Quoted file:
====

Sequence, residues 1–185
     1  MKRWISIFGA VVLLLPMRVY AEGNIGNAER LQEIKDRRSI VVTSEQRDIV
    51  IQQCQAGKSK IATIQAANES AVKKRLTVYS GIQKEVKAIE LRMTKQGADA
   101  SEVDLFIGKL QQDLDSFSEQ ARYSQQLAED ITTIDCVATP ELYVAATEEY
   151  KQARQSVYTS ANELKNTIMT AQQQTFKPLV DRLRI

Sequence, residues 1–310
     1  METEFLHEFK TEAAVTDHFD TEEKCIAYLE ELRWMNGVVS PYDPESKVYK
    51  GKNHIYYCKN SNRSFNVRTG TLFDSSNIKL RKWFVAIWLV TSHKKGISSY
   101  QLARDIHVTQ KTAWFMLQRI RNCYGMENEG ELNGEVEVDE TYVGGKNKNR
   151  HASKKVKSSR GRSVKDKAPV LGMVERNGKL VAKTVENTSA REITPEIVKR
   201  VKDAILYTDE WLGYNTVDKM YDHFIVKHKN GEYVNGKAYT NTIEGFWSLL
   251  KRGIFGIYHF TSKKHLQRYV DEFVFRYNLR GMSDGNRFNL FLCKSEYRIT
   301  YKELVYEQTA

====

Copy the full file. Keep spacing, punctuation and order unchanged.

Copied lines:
Sequence, residues 1–185
     1  MKRWISIFGA VVLLLPMRVY AEGNIGNAER LQEIKDRRSI VVTSEQRDIV
    51  IQQCQAGKSK IATIQAANES AVKKRLTVYS GIQKEVKAIE LRMTKQGADA
   101  SEVDLFIGKL QQDLDSFSEQ ARYSQQLAED ITTIDCVATP ELYVAATEEY
   151  KQARQSVYTS ANELKNTIMT AQQQTFKPLV DRLRI

Sequence, residues 1–310
     1  METEFLHEFK TEAAVTDHFD TEEKCIAYLE ELRWMNGVVS PYDPESKVYK
    51  GKNHIYYCKN SNRSFNVRTG TLFDSSNIKL RKWFVAIWLV TSHKKGISSY
   101  QLARDIHVTQ KTAWFMLQRI RNCYGMENEG ELNGEVEVDE TYVGGKNKNR
   151  HASKKVKSSR GRSVKDKAPV LGMVERNGKL VAKTVENTSA REITPEIVKR
   201  VKDAILYTDE WLGYNTVDKM YDHFIVKHKN GEYVNGKAYT NTIEGFWSLL
   251  KRGIFGIYHF TSKKHLQRYV DEFVFRYNLR GMSDGNRFNL FLCKSEYRIT
   301  YKELVYEQTA